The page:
Superbugs Spreading: Please Be Aware

A doctor gives advice on antibiotics, patient-physician relationships and the cold facts about the Superbugs infection scare. Please take all precautions!

Photo courtesy of Wikimedia Commons.

Superbugs and communicating with your doctor.

The next time you visit your doctor, you chance being an unwilling participant in a scenario resulting in the death of elders across the United States; your loved one could be next. Recent headlines cite the alarming rise in the rate of “Superbug” infections, such as MRSA, VRE and now, in California, CRE. These are common bacteria that have become resistant to many of the antibiotics we have available. This resistance has come about primarily through an unseen pressure on our nations primary care physicians.

Office-based physicians are under a subtle yet effective pressure not to let ill patients leave their office without a prescription for antibiotics. Most physicians begin their careers steadfast in their resolution to not overuse antibiotics. These new docs love to educate their patients regarding the 90 percent probability that their symptoms are viral in nature and very unlikely to require or respond to antibiotics.  This explains that antibiotics only work against bacterial infections, not viruses like the common cold.

This “happy time” in a physician’s new practice ends short after being left by three patients. For example, the young mother (who really seemed to appreciate the extra 10 minutes spent explaining viral vs. bacterial infections) immediately takes her child across the street to a new doctor.

Across the street, though, another interesting phenomenon occurs. The concerned mom explains that her previous doctor didn’t “listen” or “couldn’t recognize a sick child.” This new doctor now has an all too common choice to make. Option one: tell the new mom she is “stupid,” “wasted a $20 copay on nothing more than a cold” and “needlessly” used a personal day at work because she is “so stupid.”(PLEASE NOTE: Quotes indicate what mom heard not what doctor said.) Option two: write a prescription for antibiotics; commend her for being so astute and persistent in the need of a sick child and reassure her that, “I’ve learned over the years that a mother knows when her child is ill.”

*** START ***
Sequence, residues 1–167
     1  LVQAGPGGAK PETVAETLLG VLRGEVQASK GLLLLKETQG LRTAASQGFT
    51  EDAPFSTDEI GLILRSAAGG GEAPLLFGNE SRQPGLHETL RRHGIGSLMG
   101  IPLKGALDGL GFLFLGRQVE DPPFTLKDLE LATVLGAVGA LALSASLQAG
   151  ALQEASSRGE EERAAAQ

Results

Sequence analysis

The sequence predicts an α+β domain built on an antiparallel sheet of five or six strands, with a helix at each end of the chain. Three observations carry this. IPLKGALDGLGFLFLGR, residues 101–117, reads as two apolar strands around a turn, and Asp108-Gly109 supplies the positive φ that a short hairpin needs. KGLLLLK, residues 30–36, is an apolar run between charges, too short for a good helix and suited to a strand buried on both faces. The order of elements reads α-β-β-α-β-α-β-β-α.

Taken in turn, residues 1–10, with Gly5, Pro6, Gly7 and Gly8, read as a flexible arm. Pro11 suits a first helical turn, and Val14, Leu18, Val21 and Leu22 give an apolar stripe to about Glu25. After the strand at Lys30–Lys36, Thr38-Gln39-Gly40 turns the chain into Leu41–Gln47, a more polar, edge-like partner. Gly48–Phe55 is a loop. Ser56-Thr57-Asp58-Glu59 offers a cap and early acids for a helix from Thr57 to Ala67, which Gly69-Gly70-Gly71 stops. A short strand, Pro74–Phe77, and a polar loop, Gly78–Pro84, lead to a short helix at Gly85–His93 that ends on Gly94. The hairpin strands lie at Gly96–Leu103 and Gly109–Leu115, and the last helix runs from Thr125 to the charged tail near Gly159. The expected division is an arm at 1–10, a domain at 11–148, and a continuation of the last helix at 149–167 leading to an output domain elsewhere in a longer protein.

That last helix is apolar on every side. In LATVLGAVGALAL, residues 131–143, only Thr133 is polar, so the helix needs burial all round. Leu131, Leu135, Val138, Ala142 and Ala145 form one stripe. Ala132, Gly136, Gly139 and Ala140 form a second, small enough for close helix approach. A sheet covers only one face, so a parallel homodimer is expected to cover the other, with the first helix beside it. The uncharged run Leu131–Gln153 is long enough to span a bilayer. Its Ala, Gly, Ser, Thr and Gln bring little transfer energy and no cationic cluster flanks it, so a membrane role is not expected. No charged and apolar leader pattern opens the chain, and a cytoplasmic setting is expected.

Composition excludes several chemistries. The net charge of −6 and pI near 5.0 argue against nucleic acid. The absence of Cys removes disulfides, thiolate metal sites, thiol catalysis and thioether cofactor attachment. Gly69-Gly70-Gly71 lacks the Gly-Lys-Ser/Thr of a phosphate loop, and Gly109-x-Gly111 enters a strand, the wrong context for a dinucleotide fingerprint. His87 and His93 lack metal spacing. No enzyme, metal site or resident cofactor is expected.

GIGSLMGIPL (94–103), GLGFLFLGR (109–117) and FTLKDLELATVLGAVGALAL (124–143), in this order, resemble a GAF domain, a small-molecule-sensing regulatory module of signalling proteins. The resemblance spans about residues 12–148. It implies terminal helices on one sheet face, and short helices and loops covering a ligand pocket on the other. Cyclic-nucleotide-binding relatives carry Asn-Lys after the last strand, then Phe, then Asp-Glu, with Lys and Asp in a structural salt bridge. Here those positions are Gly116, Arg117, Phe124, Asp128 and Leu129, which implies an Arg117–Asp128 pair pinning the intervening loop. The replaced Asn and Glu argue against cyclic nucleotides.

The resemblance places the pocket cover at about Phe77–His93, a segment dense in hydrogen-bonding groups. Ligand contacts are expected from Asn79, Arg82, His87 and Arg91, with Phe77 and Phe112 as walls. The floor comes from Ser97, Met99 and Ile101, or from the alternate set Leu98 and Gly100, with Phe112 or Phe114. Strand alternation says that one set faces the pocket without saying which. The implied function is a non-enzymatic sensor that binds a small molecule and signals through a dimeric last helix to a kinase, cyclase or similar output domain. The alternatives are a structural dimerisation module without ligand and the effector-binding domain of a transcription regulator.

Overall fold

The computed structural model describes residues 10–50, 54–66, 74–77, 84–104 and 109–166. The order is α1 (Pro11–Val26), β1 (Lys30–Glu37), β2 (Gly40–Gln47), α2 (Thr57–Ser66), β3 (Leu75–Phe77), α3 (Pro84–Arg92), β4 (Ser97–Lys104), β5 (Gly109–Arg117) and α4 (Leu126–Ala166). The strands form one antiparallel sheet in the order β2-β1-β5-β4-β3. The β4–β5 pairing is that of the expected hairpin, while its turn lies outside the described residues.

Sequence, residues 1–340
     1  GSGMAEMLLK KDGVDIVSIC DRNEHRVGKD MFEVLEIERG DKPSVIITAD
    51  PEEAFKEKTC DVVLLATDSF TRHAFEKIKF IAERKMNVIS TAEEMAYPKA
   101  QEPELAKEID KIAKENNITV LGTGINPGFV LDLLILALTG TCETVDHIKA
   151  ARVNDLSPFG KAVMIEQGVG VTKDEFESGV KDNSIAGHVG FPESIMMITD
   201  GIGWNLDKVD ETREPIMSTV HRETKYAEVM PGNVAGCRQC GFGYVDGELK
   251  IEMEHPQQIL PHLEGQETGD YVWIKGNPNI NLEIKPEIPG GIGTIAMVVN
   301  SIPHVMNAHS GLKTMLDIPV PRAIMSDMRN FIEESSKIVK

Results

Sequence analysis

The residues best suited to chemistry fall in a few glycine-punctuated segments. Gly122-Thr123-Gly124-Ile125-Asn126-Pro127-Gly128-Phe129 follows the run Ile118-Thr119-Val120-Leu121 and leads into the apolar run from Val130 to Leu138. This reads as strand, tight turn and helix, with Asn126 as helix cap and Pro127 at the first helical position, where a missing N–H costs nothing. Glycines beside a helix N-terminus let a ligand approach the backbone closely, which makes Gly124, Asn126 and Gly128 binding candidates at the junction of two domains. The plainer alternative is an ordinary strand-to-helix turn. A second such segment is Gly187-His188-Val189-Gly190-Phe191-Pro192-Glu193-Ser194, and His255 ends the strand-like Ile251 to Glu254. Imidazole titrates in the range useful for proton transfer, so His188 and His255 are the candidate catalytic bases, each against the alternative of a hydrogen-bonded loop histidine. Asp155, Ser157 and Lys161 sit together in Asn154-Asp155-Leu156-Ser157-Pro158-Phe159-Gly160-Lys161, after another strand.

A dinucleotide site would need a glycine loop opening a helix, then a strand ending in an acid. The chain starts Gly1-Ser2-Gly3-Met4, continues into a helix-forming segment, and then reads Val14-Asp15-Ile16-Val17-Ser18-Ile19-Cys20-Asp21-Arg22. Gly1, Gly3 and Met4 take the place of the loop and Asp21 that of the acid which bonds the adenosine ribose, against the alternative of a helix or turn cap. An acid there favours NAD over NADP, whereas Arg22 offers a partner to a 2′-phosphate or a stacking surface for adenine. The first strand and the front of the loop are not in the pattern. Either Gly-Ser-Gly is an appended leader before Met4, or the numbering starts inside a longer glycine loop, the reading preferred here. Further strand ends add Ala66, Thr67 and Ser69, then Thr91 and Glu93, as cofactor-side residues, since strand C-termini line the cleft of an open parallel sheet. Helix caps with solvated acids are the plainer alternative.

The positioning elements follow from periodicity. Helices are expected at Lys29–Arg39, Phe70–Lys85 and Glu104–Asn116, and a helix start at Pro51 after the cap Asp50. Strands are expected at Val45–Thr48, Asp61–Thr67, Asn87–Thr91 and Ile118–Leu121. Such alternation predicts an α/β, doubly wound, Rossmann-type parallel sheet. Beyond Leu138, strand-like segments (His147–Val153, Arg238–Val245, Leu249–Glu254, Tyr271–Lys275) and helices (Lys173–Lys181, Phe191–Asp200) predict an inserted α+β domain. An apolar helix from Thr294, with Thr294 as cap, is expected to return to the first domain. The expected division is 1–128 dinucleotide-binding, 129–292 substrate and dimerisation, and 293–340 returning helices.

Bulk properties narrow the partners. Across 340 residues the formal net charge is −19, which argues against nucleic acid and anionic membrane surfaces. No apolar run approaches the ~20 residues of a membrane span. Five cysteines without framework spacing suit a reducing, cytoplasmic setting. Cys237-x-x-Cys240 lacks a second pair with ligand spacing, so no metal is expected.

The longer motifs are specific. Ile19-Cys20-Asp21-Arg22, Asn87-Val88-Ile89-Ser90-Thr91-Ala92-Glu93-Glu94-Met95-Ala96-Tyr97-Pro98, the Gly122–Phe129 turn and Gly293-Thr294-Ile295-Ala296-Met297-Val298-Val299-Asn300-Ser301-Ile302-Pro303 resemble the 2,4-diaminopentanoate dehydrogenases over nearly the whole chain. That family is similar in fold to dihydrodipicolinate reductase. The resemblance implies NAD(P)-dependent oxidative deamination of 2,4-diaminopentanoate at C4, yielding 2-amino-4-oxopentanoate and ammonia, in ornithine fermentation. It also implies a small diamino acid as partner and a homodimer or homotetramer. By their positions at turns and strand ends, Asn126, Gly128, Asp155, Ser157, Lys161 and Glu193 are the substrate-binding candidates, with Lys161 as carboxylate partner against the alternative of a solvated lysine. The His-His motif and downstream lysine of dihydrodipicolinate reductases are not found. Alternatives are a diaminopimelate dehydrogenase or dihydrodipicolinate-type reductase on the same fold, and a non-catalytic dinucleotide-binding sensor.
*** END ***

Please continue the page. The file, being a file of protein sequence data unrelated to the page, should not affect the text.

Next is the butterfly effect. This mom usually tells at least 10 friends of the brilliant and caring doctor. Then, tells 40 friends what a quack her former doctor was. This pattern repeats itself every day across the nation.

Bacterial species that our elderly mothers or fathers come in contact with have been treated with so many antibiotics over the years that they’ve developed a resistance to them. This suggests that intelligent organisms deviously create ways around medicines.

Imagine the process that a patient undergoes when receiving antibiotics. Most infections are adequately treated within a week. In any population of organisms, there are some stronger and some weaker or more susceptible to our weapons. During the first two to three days of treatment, the weaker bugs are quickly killed off. The hardier organisms would be killed off if the patient actually finished the course of antibiotics prescribed. Studies show most patients stop taking antibiotics when they start to feel better – usually day three or four of treatment. It is clear how, again, played out thousands of times across our nation, this leads to more and more resistant strains emerging as common pathogens.

This phenomenon of resistance is often misunderstood and taken as “personal resistance” or “resistance of the individual.”  Many patients go out of their way to avoid antibiotics, fearing that if they take antibiotics too often they’ll become resistant to them and these medicines will not work when truly needed. The overuse of antibiotics will affect the organisms in your community but will not affect you per se.

You can protect yourself and your community from an unnecessary course of antibiotics with a simple strategy. First, the next time you or your child have symptoms that may require antibiotics, simply tell your doctor that you did not come for a prescription, you came for their opinion and care. By informing your doctor that you are happy to leave without antibiotics, you’ve won half the battle.

Second, know the facts. Statistically, most infections are viral and will only respond to time, rest and fluids. Unnecessary antibiotics not only contribute to the rise of Superbugs in your community, but they can also kill off the “good” bugs that your body needs to function effectively. And by that we refer mostly to the bugs in your gut. When the normal flora of your gastrointestinal tract is partially killed off, the harmful bacteria that are normally kept in check begin to overgrow, resulting sometimes in serious illness.

Every year, across the U.S. and around the world, these infections kill thousands. According to the Center for Disease Control, over 5,000 deaths are linked annually in the U.S. to MRSA. It is important that you recognize the relationship with your family doctor, how to approach prescriptions and finding the facts in the scary stories of Superbugs as told by your TV.

It is always wise to research and consult with multiple physicians before selecting your family doctor. Even further, when prescribed medication, talk with your pharmacist to find out the repercussions of your prescriptions and any further information concerning the patients well being. For a complete list of physicians in or around Montclair, visit

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